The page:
Lucas Piccoli
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Hi everyone!

A couple of weeks ago I played the last case of the base box (Ystari version): "The Pilfered Paintings". I spent hours investigating this case, and even though I got 60 points and most of the things right, there was a whole portion of the case that left me puzzled. Also Holmes seems to cheat (he wouldn't know certain things visiting only the places he says he did. Not even guessing).

So I would like to know if my issues with this particular case were fixed in the newer Space Cowboys version. Could anyone pm me a photo of the resolution page? Questions, answers and Sherlock's steps.

Also if anyone has played it recently and wants to discuss aspects of it, also pm me!

Thanks in advance!

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Timothy Adamson
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What I concluded from playing the base game is that Holmes can only answer the questions using the leads listed. He may say additional information not found in those leads. I also have Ystari version. I doubt this changed.

In at least one West End case he does actually cheat (can not answer questions from the leads given).
 
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Lucas Piccoli
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timonkey wrote:
What I concluded from playing the base game is that Holmes can only answer the questions using the leads listed. He may say additional information not found in those leads. I also have Ystari version. I doubt this changed.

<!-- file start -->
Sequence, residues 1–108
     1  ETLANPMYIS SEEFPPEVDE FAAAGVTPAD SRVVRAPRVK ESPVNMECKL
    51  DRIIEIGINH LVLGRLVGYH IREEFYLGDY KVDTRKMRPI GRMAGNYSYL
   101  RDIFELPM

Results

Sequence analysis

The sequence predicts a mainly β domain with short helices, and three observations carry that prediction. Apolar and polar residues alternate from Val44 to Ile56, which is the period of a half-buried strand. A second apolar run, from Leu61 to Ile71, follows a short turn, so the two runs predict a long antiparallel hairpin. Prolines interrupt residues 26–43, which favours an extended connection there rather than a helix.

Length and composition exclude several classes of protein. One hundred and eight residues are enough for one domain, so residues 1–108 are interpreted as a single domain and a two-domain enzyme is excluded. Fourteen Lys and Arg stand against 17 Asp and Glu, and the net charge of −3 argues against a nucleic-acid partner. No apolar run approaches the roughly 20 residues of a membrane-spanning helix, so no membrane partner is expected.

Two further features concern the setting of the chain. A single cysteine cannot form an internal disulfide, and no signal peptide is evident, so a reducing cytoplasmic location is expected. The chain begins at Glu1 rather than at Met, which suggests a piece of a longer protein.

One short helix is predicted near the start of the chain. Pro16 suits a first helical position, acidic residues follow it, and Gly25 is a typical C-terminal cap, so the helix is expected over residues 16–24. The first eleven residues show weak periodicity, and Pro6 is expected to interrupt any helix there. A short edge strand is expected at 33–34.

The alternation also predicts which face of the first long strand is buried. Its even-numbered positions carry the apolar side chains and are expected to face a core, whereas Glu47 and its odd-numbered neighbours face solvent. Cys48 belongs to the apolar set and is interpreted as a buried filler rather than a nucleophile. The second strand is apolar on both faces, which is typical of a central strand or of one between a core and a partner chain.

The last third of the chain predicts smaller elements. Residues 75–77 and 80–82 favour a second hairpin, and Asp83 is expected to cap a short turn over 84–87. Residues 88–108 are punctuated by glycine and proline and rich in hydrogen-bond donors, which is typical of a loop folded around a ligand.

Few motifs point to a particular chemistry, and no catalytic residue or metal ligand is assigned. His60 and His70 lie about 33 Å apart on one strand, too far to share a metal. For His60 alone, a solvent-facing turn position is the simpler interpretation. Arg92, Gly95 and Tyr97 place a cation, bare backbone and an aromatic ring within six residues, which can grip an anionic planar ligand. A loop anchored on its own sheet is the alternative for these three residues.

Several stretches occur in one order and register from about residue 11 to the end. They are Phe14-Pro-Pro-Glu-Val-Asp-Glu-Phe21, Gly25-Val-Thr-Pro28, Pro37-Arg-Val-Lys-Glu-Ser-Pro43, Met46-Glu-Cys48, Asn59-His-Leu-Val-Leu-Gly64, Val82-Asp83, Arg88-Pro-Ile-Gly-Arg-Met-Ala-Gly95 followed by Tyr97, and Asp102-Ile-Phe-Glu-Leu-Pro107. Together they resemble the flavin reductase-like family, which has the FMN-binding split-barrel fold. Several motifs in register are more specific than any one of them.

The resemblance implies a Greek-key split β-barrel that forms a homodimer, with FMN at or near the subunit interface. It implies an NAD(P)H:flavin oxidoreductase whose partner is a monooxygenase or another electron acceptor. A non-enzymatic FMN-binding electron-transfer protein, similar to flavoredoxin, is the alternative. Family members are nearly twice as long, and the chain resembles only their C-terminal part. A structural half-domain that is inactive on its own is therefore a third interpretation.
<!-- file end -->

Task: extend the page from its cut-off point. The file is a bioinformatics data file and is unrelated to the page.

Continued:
In at least one West End case he does actually cheat (can not answer questions from the leads given).


For most previous cases I agree. But in this one in particular, the motive of the crime is pretty obscure if you only follow Holmes' leads. I followed all of those, then like 10 more and still wasn't able to deduce that part. In this specific case, the leap of logic to get to that answer is pretty big. Also, the explanation behind the motive doesn't completely add up. Everything else about the case really made sense and was enjoyable...

Except a "bug" in one of the extra questions. The answer doesn't make sense. I looked it up online, and my answer was the same as the one from the old videogame, based in the first edition of the game. So it's another occurrence of inconsistent changes made to the cases by later editions, leaving clue traces of the first versions.
 
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Timothy Adamson
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Can you clarify your issue, and also the party two bug?

I looked up my notes, and I didn't see any discrepancies there. We didn't answer all the part two questions, or realize the extent of the answer in question four, but otherwise the answers made sense as far as I remember.
 
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Lucas Piccoli
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timonkey wrote:
Can you clarify your issue, and also the party two bug?

I looked up my notes, and I didn't see any discrepancies there. We didn't answer all the part two questions, or realize the extent of the answer in question four, but otherwise the answers made sense as far as I remember.


I'll answer inside spoiler tags:

Regarding part 2,
Spoiler (click to reveal)
There's a question about the role of Herbert Cofman. In the Ystari version, the answer was that he was the driver in the getaway coach for Norris after he killed Matthew Cole in the Dover Hotel. But, even though I answered that probably Cofman was an accomplice in that murder, his main role in the story was to drive up the price of the paintings in the auction. Why? Because they needed to outbid Agnes Smedley (which they knew she would bail once the stakes were high), but also they knew how much money the Museum was allowed to spend. So Cofman bid high enough to leave Agnes out, but low enough for the Museum to outbid him. (Remember that Norris wanted the museum to buy the fake paintings and Cofman was his accomplice)